Spontaneous electrical activity of neurons in developing sensory systems promotes their maturation and proper connectivity. In the auditory system, spontaneous activity of cochlear inner hair cells (IHCs) is initiated by the release of ATP from glia-like inner supporting cells (ISCs), facilitating maturation of central pathways before hearing onset. Here, we find that ATP stimulates purinergic [1] autoreceptors in ISCs, triggering Cl− efflux and osmotic cell shrinkage by opening TMEM16A Ca2+-activated Cl− channels. Release of Cl− from ISCs also forces K+ efflux, causing transient depolarization of IHCs near ATP release sites. Genetic deletion of TMEM16A markedly reduces the spontaneous activity of IHCs and spiral ganglion neurons in the developing cochlea and prevents ATP-dependent shrinkage of supporting cells. These results indicate that supporting cells in the developing cochlea have adapted a pathway used for fluid secretion in other organs to induce periodic excitation of hair cells.

[1] Purinoceptors, are plasma membrane molecules found in almost all mammal tissues.
These receptors are implicated in learning and memory, locomotion, feeding behavior, and sleep. Specifically in cell: (1) proliferation (2) migration of neural stem cells
(3) vascular reactions (4) apoptosis and (5) cell signaling.

Other authors of the report include Han Chin Wang, Chun-Chieh Lin, Rocky Cheung, YingXin Zhang-Hooks and Amit Agarwal of the Johns Hopkins University School of Medicine; Graham Ellis-Davies of the Icahn School of Medicine at Mount Sinai; and Jason Rock of the University of California, San Francisco.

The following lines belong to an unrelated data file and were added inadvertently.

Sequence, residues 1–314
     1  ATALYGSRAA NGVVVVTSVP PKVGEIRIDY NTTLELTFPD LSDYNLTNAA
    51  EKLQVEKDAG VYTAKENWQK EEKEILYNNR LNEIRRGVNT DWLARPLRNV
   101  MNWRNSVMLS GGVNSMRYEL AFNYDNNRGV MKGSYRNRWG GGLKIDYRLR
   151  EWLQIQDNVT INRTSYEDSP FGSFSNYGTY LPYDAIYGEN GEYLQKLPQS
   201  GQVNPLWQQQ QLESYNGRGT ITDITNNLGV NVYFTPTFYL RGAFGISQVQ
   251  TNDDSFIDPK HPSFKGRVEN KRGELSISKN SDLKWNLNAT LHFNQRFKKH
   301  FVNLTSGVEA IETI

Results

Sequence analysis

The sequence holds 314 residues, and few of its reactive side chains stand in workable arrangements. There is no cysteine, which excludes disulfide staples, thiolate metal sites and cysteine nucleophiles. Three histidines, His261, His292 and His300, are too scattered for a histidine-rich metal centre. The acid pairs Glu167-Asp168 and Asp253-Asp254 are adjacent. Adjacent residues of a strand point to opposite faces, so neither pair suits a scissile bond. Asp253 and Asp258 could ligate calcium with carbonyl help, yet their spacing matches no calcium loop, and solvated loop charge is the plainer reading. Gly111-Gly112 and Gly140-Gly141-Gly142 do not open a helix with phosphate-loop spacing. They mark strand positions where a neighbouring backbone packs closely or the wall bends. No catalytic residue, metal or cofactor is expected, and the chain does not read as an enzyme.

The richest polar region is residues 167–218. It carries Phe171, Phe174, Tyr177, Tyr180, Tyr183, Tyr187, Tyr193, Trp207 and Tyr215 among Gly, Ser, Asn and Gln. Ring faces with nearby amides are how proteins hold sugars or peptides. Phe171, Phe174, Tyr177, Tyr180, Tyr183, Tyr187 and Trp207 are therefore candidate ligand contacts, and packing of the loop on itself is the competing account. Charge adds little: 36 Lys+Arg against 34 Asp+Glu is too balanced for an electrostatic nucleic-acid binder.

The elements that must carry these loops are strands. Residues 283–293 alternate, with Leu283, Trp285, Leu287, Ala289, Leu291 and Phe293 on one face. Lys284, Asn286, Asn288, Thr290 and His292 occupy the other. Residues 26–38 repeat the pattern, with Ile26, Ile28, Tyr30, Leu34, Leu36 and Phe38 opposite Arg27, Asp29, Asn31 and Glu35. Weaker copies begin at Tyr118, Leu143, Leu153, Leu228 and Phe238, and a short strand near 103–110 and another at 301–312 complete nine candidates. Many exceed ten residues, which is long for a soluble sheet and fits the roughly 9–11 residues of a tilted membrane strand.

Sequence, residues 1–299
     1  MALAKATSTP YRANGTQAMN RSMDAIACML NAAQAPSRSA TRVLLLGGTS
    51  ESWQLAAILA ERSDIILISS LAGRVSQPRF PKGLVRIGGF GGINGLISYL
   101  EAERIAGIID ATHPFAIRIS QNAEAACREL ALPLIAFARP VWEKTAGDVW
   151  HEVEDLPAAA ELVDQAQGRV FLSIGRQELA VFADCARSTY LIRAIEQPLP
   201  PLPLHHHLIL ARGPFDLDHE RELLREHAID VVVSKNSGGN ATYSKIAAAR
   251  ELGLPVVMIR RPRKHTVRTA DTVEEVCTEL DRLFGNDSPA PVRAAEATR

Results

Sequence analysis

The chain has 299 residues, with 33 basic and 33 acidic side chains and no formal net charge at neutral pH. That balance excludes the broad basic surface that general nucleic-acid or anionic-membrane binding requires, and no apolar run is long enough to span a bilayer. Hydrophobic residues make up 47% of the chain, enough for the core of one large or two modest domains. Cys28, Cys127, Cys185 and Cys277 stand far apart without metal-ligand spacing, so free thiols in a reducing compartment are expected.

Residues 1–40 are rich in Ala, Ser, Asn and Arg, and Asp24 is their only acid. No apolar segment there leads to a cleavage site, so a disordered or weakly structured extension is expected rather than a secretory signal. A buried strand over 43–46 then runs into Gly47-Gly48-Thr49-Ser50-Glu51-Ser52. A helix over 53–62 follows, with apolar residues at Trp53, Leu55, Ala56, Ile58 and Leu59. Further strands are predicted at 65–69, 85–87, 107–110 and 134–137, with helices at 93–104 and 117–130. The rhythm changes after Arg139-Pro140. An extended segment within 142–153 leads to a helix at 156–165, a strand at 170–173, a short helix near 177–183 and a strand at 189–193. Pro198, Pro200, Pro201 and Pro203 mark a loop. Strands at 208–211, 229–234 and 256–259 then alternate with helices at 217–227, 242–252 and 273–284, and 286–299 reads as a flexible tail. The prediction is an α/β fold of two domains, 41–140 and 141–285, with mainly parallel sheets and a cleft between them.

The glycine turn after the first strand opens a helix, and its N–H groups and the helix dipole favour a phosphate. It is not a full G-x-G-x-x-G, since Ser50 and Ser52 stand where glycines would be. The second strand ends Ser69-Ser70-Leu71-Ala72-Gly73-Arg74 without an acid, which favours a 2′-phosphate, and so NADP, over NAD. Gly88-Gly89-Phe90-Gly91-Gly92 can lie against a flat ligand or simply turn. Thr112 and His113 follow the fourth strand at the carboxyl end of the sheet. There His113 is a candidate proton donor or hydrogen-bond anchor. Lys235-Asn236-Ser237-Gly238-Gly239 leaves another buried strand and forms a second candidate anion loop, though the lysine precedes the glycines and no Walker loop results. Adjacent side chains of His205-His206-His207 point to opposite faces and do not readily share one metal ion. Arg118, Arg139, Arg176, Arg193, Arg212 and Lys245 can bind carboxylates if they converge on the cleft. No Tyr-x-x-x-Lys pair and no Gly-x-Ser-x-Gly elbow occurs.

This work was supported by grants from the National Institute of Neurological Disorders and Stroke (NS050274, NS06972), the National Institute of Mental Health (MH084020), the National Institute on Deafness and other Communication Disorders (DC008860), and the National Institute of General Medical Sciences (GM053395).

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Sensory epithelium of a mouse developing inner ear; GREEN: the calcium activated chloride
channel (or TMEM16A) in membrane supporting cells - surround RED: inner hair cells.
Image Credit: Han Chin Wang and Dwight E. Bergles

Vibration of cochlear inner hair cells (IHCs) is initiated by release of ATP
from glia-like inner supporting cells (ISCs) — before hearing can begin.

ATP stimulates plasma molecules in the inner hair cells (IHCs), which trigger
chloride (Cl) to flow out through chloride/calcium channels and the cell to shrink.

Release of chloride from inner supporting cells (ISCs) forces calcium release —
creating a positive charge in the inner hair cells (IHCs) near the ATP release sites.

Research indicates that supporting cells in the developing cochlea have adapted this
pathway — typically used for fluid secretion in other organs — to vibrate hair cells.

Image Credit: Cell